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Scottish Universities Join International Covid-19 Project

Michael Behr

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coronavirus university research

Edinburgh and Dundee universities will help develop and test drugs to fight coronaviruses.

The Universities of Dundee and Edinburgh have been chosen to join a pan-European consortium to develop therapies for Covid-19 and future coronaviruses.

The five-year, 77.7-million-euro (£70 million) Corona Accelerated R&D in Europe (CARE) project will bring together 37 partners from across Europe, along with China and the US, to find new drugs to treat coronavirus patients.

Funding will be provided by the Innovative Medicines Initiative (IMI), a partnership between the European Union and the European pharmaceutical industry.

The partners come from academic and non-profit research institutions and pharmaceutical companies, with Edinburgh and Dundee representing the only UK-based academic institutions in the programme.

The University of Dundee will provide its expertise to find antiviral treatments for Covid-19 and future coronaviruses. The consortium has identified chemical start points that Dundee’s Drug Discovery Unit (DDU) will use to develop candidate drugs to inhibit the disease.

DDU Head Professor Paul Wyatt said: “We are in the early stage of what will be a long-term fight. The virus that causes Covid-19 can only replicate by taking over the machinery of a host cell. In doing so it prevents the host cell from working properly, causing organ damage. We are therefore looking for candidate drugs that can stop Covid-19 from infecting new cells or replicating once it has infected a cell.”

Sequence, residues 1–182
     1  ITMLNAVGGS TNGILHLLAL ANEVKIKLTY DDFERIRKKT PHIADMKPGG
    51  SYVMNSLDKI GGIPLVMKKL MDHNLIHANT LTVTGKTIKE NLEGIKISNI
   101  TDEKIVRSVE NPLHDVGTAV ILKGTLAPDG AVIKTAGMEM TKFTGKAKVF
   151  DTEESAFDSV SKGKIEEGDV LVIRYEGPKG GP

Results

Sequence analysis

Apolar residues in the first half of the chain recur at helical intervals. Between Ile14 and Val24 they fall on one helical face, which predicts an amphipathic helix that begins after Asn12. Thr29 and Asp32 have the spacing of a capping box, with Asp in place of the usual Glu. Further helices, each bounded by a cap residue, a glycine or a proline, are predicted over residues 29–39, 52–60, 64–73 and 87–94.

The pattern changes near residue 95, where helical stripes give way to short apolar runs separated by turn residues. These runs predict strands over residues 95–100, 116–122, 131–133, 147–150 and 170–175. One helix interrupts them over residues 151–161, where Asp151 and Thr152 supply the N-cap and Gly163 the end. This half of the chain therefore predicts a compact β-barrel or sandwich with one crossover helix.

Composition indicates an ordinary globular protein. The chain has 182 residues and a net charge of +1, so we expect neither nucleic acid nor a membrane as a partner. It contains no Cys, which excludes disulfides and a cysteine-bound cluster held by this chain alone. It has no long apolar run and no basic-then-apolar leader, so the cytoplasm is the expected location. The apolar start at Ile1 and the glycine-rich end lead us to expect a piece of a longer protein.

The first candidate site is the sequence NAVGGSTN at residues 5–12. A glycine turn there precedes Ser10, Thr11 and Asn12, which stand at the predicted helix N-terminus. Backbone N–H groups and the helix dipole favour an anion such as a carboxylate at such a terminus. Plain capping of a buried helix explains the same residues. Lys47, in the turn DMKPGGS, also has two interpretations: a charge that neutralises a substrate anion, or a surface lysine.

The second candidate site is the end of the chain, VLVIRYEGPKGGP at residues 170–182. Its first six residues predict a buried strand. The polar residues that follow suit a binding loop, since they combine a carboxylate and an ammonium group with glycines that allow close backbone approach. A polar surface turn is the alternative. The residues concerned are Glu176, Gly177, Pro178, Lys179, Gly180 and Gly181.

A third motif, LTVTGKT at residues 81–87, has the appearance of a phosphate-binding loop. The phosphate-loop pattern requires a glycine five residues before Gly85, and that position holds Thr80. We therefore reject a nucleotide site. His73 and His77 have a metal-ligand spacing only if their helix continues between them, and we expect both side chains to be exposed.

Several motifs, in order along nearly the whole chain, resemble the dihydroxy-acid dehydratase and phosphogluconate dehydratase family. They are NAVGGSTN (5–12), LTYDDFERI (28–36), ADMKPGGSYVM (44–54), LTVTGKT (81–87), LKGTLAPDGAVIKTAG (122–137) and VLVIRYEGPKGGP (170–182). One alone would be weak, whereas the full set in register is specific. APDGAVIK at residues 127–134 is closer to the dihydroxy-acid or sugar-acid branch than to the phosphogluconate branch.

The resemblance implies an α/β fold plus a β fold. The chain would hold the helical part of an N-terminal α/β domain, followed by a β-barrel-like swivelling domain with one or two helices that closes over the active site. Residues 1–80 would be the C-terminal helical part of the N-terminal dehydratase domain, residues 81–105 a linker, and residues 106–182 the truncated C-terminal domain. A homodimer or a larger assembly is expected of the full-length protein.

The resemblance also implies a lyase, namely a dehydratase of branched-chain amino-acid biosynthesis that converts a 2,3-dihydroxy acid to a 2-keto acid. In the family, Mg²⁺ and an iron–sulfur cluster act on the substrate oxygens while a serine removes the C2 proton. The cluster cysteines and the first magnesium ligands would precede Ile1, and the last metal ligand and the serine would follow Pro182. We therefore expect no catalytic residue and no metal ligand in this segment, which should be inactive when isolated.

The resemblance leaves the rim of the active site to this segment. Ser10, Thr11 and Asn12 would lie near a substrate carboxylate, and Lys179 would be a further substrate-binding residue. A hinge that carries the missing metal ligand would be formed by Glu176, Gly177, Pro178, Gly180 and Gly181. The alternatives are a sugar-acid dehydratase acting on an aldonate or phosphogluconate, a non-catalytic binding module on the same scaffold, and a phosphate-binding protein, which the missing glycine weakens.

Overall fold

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Meanwhile, the team from the University of Edinburgh will use lab-grown human cells to examine the actions of SARS-CoV-2 and other common cold coronaviruses to identify proteins for the drugs to target.

With many clinically available drugs targeting human proteins, they can be quickly and easily tested and repurposed against Covid-19. The team will also investigate new drugs that have yet to be used clinically.

Edinburgh University’s Head of Infection Medicine Professor Jurgen Haas said: “Covid-19 is a global problem that requires a global solution. By working with many other organisations across the world, we hope to reduce the time needed to develop a new treatment for this disease.”

Once laboratory testing is finished, the universities will start using the most promising drug candidates in human clinical trials.

Michael Behr

Senior Staff Writer

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